N. Korea blames 'absurd' South for Asiad talks failure
Kwon Kyung-Sang (R), secretary general of the Incheon Asian Games Organizing Committee, greets Son Kwang-Ho, vice chairman of the North Korean Olympic Committee, before their meeting in Panmunjom on July 17, 2014 - by Unification Ministry
The North's official KCNA news agency said the talks in the border truce village of Panmunjom on Thursday had turned sour following what it suggested was the intervention of the presidential Blue House in Seoul.
After a long delay, the South began the afternoon session with a series of "absurd" demands that overturned everything agreed in the morning, KCNA said.
As well as raising concerns over the number of North Korean athletes and cheerleaders, it sought to place restrictions on the size of the North Korean flag to be displayed at the Asiad, the agency said.
Another apparent point of contention was who would foot the bill for the North delegation during its stay in South Korea.
Seoul reportedly wants to break from its tradition of financially supporting visiting sporting delegations from the North, to move into line with international sporting standards.
According to KCNA, the North Korean side saw the South's attitude as a "deliberate act" to scupper the talks.
"It clarified that if the South side insists on such a defiant attitude, it will fundamentally re-examine its participation in the Games," it said.
The Asian Games are to be held from September 19 to October 4 in the South Korean port city of Incheon.
The North said in May it would send about 150 athletes and later that they would be accompanied by a cheering squad.
The Panmunjom meeting was ostensibly aimed at hashing out the practicalities of how the North's delegation will travel to Incheon and where it will be accommodated.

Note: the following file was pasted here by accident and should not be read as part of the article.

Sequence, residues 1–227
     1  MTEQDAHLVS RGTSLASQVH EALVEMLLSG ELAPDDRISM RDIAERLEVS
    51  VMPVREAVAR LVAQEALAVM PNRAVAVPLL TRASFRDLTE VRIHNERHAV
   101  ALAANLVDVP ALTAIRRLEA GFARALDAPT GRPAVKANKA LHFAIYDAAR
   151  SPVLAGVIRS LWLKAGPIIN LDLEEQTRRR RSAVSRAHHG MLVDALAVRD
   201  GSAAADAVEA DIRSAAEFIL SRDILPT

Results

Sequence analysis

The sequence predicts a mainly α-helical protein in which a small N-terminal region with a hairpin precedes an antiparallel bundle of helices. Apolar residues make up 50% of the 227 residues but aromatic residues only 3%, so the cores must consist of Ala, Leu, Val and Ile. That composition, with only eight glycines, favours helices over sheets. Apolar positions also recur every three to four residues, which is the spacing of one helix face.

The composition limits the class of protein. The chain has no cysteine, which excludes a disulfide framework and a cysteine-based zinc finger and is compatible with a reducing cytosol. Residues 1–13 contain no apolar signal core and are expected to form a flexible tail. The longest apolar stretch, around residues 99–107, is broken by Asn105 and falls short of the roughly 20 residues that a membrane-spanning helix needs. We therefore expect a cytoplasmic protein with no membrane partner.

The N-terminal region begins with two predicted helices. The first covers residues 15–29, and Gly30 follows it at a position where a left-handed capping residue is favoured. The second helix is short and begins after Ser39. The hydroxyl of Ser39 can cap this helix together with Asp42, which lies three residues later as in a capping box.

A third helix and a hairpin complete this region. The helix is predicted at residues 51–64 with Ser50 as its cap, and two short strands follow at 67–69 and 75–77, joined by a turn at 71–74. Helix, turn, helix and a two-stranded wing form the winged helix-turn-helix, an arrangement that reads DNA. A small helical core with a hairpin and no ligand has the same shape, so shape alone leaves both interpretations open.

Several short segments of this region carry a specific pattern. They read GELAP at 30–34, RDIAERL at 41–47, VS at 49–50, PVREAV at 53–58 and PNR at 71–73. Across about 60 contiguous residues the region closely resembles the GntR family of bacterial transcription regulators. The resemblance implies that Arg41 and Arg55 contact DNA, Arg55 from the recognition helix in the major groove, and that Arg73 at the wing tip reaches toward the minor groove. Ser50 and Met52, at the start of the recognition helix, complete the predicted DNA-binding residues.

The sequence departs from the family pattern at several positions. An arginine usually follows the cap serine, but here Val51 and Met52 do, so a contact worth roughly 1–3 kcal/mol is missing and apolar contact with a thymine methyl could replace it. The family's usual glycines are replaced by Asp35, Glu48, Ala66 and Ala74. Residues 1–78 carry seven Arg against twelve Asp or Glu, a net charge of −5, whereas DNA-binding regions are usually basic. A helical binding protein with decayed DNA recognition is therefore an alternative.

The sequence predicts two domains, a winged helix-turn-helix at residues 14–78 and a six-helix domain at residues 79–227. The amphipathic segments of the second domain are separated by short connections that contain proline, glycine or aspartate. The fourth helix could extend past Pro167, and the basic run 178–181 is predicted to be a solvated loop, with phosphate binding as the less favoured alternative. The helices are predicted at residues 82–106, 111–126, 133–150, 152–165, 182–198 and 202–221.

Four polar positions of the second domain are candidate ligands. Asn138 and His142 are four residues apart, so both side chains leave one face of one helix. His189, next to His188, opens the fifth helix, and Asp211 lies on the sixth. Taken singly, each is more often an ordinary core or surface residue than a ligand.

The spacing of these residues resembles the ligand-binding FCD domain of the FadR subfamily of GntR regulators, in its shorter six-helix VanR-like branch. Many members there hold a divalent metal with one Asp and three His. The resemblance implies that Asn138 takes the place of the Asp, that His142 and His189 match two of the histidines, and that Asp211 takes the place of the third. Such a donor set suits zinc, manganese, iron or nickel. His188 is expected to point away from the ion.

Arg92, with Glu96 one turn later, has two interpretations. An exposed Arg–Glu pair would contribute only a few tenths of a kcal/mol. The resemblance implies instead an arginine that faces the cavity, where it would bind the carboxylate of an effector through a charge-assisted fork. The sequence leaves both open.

It was the first meeting between the two sides for five months and comes at a time of simmering tensions following an unusually extended series of North Korean rocket and missile tests.
The talks ended with no agreement for another round.
South Korea has yet to comment formally on the outcome of the meeting, but a government official who declined to be identified said Seoul had been mystified by the North's "unilateral walkout".
"We never raised any issue with their numbers. We just wanted to know the breakdown of the delegation and the cheerleaders' group," the official told AFP.
He confirmed that the South had mentioned following international standards over billing expenses, but stressed that the issue was still open to negotiation.
Because the 1950-53 Korean conflict ended with a ceasefire rather than a peace treaty, the two Koreas technically remain at war.
Official contact is minimal and movement across the heavily-militarised border extremely restricted.
Pyongyang boycotted the 1988 Olympics in Seoul but sent athletes and cheerleaders to the 2002 Asian Games in South Korea's southern port city of Busan.
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